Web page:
Class parties in elementary school were supposed to be a cause for rejoicing - days few and far between when we wouldn't be burdened with worksheets or sitting quietly at our desks. The teacher would retreat back to her corner of the room and mull over stacks of papers while we were left to revel in cupcakes that were more frosting than cake and Dixie cups brimming with lurid punch. To help us cope with the inevitable sugar crash, the day would end with the class sitting in the dark and watching a movie. I'm not sure what occasion inspired our second grade teacher to choose Willy Wonka, but it occurs to me now that she (lacking the ability to turn us all into apples) might have picked this film out deliberately to try and inflict some emotional scars on the class.
There are three scares in this film that stand out vividly in my memory to this day:
1. Augustus Gloop falling into the chocolate river. Near-drowning aside, the thing that's most horrifying about this scene is the boy's reappearance in the transparent tube that sucks chocolate off to be processed elsewhere in the factory. The claustrophobia of the situation was awful, made even worse by the fact that the boy was so close to his distressed parents but unable to be helped by them in any way. The fact that he's sucked away to the incinerator only makes it worse, as does Wonka's nonchalance in the face of ostensible child death. This was the first scene in the movie when I realized I might be watching a madman.
2. The tunnel scene. You know the one. If watching one kid get whisked to his doom wasn't enough, there's this warped bit of psychedelia to follow it up. A lot of people get hung up on the rear-projected images of bugs crawling across faces and what appears to be an actual chicken being decapitated. To be honest, I don't have strong memories of those. What I do remember is Wonka's blank-faced stare at his passengers' fright, and his atonal song that builds slowly into a scream, then a shriek. "Are the fires of hell a'growing? Is the grisly reaper mowing?" My adult self loves that the screenwriters thought all of this was suitable for a childrens' film, but I don't think I need to elaborate too much on what it did to me the first time around.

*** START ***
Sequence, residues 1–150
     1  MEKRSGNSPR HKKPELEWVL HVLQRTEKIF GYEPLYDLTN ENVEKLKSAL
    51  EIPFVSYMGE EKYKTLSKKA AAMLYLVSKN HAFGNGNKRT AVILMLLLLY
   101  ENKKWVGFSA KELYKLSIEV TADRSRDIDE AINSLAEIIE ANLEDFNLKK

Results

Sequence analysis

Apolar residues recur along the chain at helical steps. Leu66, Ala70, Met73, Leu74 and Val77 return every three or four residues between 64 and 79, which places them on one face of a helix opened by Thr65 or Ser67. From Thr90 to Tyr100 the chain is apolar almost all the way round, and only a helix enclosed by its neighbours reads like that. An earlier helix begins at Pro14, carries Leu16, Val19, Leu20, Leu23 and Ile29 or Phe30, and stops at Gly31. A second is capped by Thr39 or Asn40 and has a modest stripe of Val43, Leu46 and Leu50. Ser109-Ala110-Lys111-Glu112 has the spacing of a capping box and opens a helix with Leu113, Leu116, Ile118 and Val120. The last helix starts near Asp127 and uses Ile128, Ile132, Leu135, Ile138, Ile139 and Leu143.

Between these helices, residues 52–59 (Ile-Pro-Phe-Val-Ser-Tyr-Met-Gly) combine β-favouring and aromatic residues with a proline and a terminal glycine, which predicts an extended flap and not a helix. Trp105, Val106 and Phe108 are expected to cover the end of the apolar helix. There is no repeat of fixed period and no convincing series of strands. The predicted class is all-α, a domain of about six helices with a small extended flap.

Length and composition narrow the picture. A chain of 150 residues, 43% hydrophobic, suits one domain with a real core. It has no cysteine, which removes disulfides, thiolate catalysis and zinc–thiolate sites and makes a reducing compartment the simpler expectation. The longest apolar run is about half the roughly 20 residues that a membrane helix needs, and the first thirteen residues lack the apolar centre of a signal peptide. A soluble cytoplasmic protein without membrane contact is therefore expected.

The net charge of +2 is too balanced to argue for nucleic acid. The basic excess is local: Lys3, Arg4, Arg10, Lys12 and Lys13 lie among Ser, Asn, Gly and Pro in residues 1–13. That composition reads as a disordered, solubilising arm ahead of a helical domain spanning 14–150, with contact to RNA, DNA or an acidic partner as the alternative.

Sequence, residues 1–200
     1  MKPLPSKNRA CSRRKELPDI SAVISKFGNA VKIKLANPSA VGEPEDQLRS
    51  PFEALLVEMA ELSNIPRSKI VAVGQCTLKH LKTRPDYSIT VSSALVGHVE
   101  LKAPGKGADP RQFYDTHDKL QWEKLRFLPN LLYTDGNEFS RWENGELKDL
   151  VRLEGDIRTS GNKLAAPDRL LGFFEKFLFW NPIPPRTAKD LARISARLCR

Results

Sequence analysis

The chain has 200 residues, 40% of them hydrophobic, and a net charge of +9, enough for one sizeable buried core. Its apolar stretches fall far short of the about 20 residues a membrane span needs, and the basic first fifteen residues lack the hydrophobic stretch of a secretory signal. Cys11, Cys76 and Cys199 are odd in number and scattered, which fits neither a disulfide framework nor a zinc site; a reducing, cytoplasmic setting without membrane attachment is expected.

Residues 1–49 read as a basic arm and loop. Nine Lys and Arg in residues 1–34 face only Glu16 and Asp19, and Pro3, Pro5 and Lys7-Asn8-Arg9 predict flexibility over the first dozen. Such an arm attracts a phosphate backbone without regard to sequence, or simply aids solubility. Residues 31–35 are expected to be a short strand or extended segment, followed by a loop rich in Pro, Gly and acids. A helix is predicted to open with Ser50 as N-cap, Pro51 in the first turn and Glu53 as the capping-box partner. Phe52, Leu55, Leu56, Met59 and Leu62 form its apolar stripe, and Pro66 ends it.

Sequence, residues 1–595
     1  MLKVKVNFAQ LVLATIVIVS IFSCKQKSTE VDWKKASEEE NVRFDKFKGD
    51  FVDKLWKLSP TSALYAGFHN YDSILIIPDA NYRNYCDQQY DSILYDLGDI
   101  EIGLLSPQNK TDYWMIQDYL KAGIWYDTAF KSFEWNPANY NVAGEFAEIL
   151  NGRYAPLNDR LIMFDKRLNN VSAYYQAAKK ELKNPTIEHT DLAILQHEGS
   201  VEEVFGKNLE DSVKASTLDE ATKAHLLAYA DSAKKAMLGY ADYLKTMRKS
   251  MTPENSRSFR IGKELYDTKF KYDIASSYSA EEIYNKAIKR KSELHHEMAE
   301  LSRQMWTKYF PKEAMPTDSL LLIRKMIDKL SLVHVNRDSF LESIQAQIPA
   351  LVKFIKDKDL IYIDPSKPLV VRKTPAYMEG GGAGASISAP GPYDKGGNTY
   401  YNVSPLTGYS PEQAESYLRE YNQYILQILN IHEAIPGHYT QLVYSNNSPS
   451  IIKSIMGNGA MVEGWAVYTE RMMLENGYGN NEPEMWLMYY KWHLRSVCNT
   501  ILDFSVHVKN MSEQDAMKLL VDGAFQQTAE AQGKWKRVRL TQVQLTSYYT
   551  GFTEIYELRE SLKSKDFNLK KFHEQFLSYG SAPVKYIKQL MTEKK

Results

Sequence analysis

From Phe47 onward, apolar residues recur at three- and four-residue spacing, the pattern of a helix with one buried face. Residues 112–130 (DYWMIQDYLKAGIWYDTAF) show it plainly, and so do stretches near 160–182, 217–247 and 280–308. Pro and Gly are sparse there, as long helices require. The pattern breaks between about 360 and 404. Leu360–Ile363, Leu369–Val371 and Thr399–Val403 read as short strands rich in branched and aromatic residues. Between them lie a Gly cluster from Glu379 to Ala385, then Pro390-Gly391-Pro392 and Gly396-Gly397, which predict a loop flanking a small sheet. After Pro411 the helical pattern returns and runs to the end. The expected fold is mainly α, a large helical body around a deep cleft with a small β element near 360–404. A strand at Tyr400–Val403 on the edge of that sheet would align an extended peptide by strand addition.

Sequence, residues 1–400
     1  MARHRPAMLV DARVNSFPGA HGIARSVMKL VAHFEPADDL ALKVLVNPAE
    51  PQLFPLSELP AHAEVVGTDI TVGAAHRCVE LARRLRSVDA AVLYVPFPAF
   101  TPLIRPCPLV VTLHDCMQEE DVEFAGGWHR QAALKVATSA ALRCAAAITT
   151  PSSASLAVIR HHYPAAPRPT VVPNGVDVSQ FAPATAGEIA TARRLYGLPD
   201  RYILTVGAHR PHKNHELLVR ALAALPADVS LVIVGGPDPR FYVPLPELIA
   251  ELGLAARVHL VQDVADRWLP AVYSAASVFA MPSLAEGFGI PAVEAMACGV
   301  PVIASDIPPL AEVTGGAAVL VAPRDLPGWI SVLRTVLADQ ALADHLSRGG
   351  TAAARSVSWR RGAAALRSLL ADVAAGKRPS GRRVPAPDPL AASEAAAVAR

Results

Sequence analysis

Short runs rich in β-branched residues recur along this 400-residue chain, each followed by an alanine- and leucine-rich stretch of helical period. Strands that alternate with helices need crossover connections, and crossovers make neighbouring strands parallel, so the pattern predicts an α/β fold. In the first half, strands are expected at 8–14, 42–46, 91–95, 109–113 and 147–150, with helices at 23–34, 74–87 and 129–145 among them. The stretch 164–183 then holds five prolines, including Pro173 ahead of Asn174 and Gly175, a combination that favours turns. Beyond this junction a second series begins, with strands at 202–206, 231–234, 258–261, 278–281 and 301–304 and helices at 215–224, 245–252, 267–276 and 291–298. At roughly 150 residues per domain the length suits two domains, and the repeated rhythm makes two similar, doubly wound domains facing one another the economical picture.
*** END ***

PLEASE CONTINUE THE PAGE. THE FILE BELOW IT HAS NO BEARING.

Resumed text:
3. Violet Beauregard's inflation. In retrospect, this scare wasn't that frightening on its own, but it was just enough to put me over the edge. Even scarier than the fact that Wonka freely admits the girl would retain her azure skin tone after undergoing some horribly vague "deflation" process was the fact that a pattern seemed to be emerging. Two children had been dispatched, and three still remained.
I saw the direction this was going and I didn't like it. At this point in the movie I was done. I tried desperately to concoct a scheme where I'd be sent home, allowed to switch classrooms, or even wait out the rest of the movie elsewhere. The best I could come up with was to ask my teacher if she had any papers to grade or sort, which was really just a plea for something to occupy my time. To her credit, she came up with a task on the spot and let me work on it across the hall in the library. (Maybe she wasn't so mean after all.)
Eventually the principal wandered past, and seeing me sitting there alone at a table with tears streaked across my face, asked what I'd done to earn this punishment. How could I make her understand that I wasn't the one who had misbehaved? In the movie that I had just watched, the adults were the insane ones. Worse, they could be actively malicious, and to ruinous consequence when placed in positions of power. Before me stood the most powerful figure in the school, and she thought I was in the wrong. Did I want her on my bad side? What had I done?
"Nothing," I said, and went back to my work.